How to Be a Career-Loving Parent: Get Smart (Part 4 of 4)

If you love being a parent and also love your job, let me be the first person today to tell you a secret: that's totally ok!

It's time to discard that guilt-ridden, implicitly apologizing term "working parent" and opt for a label that allows you to embrace all the facets of your identity and to pursue excellence in more than one domain of life. You can be a career-loving parent instead! If you need more inspiration and instruction to stop apologetically referring to yourself as a "working parent," you'll want to check out the first installment in this series.

The first step to becoming a career-loving parent is knowing your work-life style. When you know your work-life style, you're better able to determine whether you'll be happier integrating your personal and professional lives, or if you're the kind of person who's happier when there are clear boundaries between your work self and your home self.

Once you know your work-life style, you can move on to the next step, which we covered in the third installment: exploring your work options. In the modern world of work, you have more options than ever. You don't have to choose between a full-time job or being a stay-at-home parent. You can choose to work flexible hours, part-time, for yourself, or any number of other alternatives to the standard paradigm of work.

Once you've determined what your work-life style is and you've decided what you want your work life to look like, it's time to get smart. You can optimize your new, liberating life as a career-loving parent by following three key bits of advice:

  • Look for win-win-win-win-win opportunities. If your work-life style is integrator, you probably already know how to do this, but even if you're a separator, you can borrow this technique (and if you have no idea what an integrator or a separator is, you might want to check out part 2 of this 4-part series). Look for ways that you can incorporate your knowledge, skills, and abilities from work into lessons or other quality time spent with your kids. Identify lessons you've learned as a parent that will make you or your team more effective at work. Find opportunities to apply your career skills to help at your kids' school or at church or on a sporting field. When you open your eyes, you'll see win-win-win-win-win opportunities everywhere.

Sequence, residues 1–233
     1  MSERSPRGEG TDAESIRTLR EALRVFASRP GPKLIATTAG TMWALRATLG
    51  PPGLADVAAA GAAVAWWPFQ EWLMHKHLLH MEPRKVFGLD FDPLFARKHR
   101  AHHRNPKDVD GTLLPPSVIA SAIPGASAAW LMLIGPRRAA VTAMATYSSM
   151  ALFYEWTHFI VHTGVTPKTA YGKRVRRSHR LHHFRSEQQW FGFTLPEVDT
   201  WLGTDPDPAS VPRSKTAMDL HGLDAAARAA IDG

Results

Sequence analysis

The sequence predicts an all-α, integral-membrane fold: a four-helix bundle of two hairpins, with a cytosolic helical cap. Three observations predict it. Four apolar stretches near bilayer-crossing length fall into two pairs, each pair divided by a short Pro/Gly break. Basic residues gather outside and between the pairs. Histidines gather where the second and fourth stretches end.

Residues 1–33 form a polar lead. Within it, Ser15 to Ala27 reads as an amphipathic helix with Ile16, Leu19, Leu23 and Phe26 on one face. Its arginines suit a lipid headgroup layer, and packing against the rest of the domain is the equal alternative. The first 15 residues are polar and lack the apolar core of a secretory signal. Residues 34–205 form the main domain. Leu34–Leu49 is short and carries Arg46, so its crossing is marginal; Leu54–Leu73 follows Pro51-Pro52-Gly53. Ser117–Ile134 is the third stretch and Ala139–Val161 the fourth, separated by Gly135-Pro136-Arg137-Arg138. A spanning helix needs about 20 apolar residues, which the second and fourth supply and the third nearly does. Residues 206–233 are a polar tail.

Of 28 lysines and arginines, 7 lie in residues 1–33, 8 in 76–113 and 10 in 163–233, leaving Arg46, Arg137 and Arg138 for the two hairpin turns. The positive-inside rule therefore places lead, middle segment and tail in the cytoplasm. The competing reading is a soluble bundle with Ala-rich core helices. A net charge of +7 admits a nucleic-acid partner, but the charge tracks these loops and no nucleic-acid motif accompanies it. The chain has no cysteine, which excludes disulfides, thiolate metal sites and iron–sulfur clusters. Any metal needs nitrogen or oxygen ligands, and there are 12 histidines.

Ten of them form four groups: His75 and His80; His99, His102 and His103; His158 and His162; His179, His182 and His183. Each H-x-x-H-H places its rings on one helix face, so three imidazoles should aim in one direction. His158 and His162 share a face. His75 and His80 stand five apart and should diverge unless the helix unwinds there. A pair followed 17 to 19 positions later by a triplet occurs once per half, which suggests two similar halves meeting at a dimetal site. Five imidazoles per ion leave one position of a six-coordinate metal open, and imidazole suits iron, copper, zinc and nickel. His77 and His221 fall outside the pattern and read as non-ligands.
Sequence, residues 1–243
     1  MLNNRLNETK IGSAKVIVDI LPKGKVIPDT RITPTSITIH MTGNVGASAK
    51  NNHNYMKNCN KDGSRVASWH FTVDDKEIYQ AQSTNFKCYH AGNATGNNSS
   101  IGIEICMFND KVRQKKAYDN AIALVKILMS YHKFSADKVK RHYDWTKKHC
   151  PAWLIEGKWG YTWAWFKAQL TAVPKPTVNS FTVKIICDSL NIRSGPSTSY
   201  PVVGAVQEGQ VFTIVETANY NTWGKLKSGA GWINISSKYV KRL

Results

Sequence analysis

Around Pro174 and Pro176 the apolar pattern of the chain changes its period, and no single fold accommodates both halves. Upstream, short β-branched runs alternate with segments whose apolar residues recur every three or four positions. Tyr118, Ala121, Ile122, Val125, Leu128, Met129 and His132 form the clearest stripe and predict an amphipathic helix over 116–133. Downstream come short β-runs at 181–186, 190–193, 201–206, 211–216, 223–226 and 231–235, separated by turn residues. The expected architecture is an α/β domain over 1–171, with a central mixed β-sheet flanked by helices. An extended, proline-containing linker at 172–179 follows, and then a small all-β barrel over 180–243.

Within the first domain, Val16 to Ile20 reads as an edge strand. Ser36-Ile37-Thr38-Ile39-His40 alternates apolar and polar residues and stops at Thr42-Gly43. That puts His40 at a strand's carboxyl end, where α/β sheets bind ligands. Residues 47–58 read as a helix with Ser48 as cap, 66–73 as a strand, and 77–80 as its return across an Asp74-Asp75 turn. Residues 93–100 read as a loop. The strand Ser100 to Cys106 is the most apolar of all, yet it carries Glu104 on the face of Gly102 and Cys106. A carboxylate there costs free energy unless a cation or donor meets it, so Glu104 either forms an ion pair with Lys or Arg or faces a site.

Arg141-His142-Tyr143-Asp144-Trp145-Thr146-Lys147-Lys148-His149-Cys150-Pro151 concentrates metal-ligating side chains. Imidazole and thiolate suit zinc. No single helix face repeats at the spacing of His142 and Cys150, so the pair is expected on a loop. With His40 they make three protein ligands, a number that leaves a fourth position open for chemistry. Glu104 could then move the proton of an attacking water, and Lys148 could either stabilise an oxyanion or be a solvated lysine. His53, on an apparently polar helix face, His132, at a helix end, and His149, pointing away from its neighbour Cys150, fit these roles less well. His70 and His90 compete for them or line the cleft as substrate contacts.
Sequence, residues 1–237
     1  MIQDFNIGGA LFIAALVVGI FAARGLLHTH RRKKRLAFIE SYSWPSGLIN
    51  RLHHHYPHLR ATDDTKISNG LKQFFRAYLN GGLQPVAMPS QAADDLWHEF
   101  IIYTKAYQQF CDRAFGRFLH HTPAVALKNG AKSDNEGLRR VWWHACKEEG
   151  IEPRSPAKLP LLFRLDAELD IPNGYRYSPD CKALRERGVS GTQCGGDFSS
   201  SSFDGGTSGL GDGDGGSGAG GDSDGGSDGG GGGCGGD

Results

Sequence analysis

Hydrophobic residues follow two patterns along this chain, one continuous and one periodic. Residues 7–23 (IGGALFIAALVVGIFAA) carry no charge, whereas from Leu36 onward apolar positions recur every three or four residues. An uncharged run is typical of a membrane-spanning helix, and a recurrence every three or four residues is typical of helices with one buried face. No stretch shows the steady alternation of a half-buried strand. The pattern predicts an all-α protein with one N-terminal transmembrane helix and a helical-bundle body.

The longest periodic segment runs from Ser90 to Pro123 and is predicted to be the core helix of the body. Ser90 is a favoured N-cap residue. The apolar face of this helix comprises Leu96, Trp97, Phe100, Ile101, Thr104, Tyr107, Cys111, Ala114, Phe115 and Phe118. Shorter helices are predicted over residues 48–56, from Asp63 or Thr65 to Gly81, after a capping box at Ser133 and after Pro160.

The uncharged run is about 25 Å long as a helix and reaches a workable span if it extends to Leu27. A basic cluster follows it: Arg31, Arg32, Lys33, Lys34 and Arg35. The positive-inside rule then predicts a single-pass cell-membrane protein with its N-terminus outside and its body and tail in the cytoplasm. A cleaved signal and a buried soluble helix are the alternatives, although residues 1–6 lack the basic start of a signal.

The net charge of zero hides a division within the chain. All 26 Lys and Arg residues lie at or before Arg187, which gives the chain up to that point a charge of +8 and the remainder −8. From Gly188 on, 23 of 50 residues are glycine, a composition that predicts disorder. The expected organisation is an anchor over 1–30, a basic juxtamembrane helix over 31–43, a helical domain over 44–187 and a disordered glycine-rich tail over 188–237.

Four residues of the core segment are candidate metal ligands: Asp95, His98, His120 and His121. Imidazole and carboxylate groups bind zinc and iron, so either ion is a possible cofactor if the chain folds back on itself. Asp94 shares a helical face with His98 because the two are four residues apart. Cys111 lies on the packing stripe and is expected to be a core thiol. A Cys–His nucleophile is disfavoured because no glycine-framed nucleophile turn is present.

• Beware the Double-Edged Sword of Flexibility. I capitalized that because I thought it sounded like a legendary weapon from a Tolkien book. The point here is to fine-tune your flexibility instincts. Two-way flexibility (i.e., employee-to-employer and employer-to-employee) is one of the keys to successful career-loving parenthood, but make sure that what looks like flexibility actually is. If you find yourself doing a ton of unpaid work for your employer, that's not flexibility. Conversely, if your employer is paying you to be at your kid's band concert, that ain't flexibility either. A truly flexible work arrangement benefits all parties involved.
  • Block time for important stuff. This one often comes pretty naturally to separators, but integrators would do well to steal this idea. Know when you're working and when you're not. Otherwise, some domain of life won't get its due. Use your calendar to let your family, your coworkers, your boss, and yourself know when your full attention is on work and when your full attention is on parenting. It's natural, especially for integrators, to have a lot of time that's divided, but make sure you have focused time as well. You'll get by without focus, but only focus will enable you to accomplish great things at work and at home. If it helps, think of FOCUS as an acronym that stands for Follow One Course Until Successful.
  • That's the smart person's recipe for happy career-loving parenthood. Once you've identified your work-life style, chosen your work option, and observed those three key bits of advice, you'll be well on your way to a meaningful, fun, and fulfilling life at home and at work. Of course, the devil is in the details. In later installments, we'll dig further into those details:

    • How to identify your work-life style

  • How to find the work option that's right for you
  • How to find and take advantage of win-win-win-win-win opportunities
  • How to manage a flexible work arrangement, and
  • How to focus.
  • For now, however, know that it's possible. Stop apologizing for loving your work AND your family. Stop feeling guilty for not being at work when with you're with your kids. Stop feeling guilty for not being with your kids when you're at work. Start embracing who you truly are: a career-loving parent.

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